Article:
After your first draft, let your manuscript breathe for a week or so then properly assess your work. You need to know where you truly are to determine where you should be going. Build your map.
The first draft is often the fun part. The rules are so fluid. You change your character from Sarah to Karo mid-paragraph because you’ve noticed that everyone else in the spaceship also has a name that begins with S. Then, after another chapter or two, you make the spaceship a submarine. You try out a flashback and fall in love with that world. That’s the novel now. Forget the submarine, the whole thing is set on a pig farm in Lithuania. And, some time later, you come out the other end with… what? A manuscript full of the problems that past you left for future you to clean up.
Now, there’s good news and there’s bad news. The bad news is, you’re future you, so you’ve got work to do. The good news is, you get a chance to make this thing good. You get to fix the drifting names and the undercooked settings, the top-heavy structure. You get to go back in and plant clues and images, to focus the theme.
So, where to start? First off, do nothing. Let the whole thing brew so that when you return you’ll have some objectivity. Give it a couple of weeks.
Almost by definition, a novel is long. In its details, all its scenes and characters and images — let alone sentences, it probably won’t all fit in your head at once. Your first task, then, is to build a map of what you’ve got so you can decide how you need to change it.
Read through your draft, and make very brief notes as you read. While you should bear in mind changes that you want to make, try to reflect what you read rather than the better draft you will produce.
Here are some of the aspects of your draft you should consider capturing.
Scenes and more
A brief list of scenes in the chapter. For extra points, also note significant summary passages. If you are running multiple narratives, it may be worth noting which scene belongs to which narrative.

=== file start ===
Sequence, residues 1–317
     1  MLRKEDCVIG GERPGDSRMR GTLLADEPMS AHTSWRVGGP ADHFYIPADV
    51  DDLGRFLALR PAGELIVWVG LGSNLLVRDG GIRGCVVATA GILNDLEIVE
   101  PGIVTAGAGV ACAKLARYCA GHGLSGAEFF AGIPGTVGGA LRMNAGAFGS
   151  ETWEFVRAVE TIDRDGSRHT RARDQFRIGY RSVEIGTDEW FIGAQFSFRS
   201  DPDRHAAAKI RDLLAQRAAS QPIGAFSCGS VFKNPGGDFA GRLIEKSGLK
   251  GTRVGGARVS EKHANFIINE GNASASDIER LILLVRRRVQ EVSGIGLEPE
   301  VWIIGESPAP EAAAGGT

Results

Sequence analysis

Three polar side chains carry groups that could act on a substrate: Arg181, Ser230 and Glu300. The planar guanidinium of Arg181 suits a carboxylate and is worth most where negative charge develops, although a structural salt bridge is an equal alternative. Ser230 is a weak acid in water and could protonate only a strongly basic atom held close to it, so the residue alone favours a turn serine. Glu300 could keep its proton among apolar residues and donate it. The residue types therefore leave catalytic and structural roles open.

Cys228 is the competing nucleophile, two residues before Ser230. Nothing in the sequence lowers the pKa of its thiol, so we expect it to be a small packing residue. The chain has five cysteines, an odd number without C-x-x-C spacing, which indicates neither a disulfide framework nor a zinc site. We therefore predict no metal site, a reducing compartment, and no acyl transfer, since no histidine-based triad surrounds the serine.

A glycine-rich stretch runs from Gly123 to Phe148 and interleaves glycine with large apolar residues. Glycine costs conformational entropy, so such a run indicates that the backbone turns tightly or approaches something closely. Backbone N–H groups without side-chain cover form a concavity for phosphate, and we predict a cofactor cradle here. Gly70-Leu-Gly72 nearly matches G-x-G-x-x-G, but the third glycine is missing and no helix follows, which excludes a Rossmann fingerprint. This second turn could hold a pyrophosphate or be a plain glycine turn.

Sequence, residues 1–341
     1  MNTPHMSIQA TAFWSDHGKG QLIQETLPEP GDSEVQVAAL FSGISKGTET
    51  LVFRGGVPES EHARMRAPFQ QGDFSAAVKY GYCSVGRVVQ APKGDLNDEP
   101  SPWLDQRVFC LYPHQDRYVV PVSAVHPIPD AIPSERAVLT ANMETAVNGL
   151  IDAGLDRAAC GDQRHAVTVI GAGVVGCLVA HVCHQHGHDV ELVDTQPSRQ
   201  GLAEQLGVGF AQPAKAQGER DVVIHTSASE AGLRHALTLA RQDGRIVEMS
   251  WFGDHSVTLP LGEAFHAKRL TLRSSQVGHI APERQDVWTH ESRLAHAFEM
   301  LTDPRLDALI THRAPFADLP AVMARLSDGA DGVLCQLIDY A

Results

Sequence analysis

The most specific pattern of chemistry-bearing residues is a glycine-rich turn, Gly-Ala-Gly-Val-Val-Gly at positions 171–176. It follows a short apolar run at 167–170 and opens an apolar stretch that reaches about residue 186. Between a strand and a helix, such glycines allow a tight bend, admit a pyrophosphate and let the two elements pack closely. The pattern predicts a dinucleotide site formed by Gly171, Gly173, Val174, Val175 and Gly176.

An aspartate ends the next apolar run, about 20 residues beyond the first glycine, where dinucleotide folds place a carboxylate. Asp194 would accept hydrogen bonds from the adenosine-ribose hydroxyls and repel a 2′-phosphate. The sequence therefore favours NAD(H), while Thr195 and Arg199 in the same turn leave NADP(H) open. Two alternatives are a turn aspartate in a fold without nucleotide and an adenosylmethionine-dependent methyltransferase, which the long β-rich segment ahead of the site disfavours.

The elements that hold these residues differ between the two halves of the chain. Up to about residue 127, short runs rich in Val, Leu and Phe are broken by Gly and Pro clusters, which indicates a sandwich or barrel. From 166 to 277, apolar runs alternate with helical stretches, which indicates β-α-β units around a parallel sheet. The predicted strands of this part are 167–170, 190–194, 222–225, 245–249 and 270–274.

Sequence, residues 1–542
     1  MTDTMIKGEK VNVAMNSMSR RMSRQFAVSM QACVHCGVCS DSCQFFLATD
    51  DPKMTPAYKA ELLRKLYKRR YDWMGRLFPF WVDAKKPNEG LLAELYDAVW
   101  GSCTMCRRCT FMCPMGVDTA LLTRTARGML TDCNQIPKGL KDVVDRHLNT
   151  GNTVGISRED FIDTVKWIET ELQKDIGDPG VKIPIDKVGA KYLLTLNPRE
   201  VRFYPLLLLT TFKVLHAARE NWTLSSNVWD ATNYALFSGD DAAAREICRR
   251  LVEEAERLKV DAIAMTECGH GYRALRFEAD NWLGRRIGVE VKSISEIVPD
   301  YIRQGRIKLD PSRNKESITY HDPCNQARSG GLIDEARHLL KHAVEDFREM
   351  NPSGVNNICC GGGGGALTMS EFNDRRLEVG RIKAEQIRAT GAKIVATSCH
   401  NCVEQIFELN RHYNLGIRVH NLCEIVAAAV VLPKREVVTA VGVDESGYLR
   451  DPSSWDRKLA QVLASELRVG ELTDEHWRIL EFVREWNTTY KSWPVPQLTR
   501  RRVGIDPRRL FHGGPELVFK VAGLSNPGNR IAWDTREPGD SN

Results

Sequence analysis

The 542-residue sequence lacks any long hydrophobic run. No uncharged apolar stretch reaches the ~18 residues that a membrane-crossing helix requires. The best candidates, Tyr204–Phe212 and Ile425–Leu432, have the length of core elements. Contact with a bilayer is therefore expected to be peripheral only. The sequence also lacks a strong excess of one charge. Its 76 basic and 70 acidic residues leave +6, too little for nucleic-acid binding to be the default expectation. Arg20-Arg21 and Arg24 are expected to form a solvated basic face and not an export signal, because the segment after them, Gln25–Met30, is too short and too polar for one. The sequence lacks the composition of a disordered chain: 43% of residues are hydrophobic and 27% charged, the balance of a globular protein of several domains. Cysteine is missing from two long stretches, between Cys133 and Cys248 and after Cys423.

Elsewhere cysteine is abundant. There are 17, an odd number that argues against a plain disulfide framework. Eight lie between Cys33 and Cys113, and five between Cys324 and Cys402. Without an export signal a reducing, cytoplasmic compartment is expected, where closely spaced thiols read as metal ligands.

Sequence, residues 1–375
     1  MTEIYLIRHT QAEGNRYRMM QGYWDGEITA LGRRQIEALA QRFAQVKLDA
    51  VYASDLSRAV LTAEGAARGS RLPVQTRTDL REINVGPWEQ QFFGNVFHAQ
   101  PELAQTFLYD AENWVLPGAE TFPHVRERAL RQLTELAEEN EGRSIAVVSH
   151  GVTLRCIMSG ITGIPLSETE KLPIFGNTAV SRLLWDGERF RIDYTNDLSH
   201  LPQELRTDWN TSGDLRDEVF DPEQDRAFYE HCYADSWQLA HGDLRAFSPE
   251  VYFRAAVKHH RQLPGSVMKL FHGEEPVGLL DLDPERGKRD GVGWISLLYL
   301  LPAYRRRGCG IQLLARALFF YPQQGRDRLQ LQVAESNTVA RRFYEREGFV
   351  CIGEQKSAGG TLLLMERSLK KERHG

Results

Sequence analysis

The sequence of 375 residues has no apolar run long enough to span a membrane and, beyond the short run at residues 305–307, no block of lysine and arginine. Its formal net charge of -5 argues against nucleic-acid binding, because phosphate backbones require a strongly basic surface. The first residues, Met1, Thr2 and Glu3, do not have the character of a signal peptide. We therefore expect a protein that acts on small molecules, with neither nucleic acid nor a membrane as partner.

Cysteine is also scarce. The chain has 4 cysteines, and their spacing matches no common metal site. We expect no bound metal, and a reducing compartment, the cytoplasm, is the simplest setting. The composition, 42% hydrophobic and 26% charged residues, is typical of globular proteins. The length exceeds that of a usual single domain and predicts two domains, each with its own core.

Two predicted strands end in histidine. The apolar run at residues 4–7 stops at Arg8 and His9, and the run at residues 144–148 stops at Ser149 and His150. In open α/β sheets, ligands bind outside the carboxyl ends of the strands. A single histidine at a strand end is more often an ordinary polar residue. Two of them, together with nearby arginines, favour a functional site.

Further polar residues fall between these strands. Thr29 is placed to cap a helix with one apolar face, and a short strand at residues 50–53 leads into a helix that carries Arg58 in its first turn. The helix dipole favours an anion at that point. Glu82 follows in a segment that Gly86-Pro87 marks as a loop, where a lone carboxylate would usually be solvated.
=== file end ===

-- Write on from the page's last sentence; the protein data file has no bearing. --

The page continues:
Back to the Lithuanian Pig farm. Later on, you’ll want to gauge the balance of present action to back story.
Track those parts of the story that support, mirror, or counterpoint the main narrative. Think about threads that might be cut, slimmed or strengthened.
What is the mood of the chapter? What is it saying? Can you declare it’s about-ness in a word? Can you boil the action down to a premise of the Love Conquers All variety? In the dark SF detective novel I’m writing, I ended up with cheerful conclusions such as everyone is in exile and no-one is safe.
Are you using motifs or images in the chapter? Is there a colour palette? Do objects of symbolic importance appear?
List locations in the chapter. Also make a note of any elements related to your world building — the politics, geography, seasons, weather.
Keep a running tally of your characters. Ignore walk-on parts, unless they play a key glancing role in the narrative. Keep an eye open for drifting names.
Time for some constructive criticism. What did you think of the chapter? What worked? what failed? How should you change things? Although, in other sections, the object of the exercise is to capture the state of your manuscript as it stands, this is your chance to think about the next draft. What you should you cut, what you should add.
There are many ways to capture this information. For a rewarding tactile experience, you can stick Post-It notes into your printout. It is nice to get back to paper and there’s a real feeling of satisfaction as you literally turn the page on a chapter.
<figcaption class="wp-caption-text">The draft mapped with Post-It notes</figcaption></figure>
It’s less pleasurable but arguably more useful to use a spreadsheet, though. That way, you can see all your notes in one place and follow a column without having to leaf back through five hundred pages. As you can see from these snaps, I took both approaches when assessing my draft. Next time round, I’ll probably save myself the transcription and type straight into the document.
<figcaption class="wp-caption-text">The map in spreadsheet form</figcaption></figure>
By tracking the character column I can get a sense of who is who, whether any characters need further development, I can catch names that tend to drift (I have a particular issue with one character who seems to have three interchangeable names) and so on. When I think about structure, I can trace all the scenes, the balance between present action and flashback, the points at which subplots intersect with the main plot. And I have all my hypercritical notes to hand, too.
Armed with this master map we’re ready to begin to plan for our next draft… but that’s another story.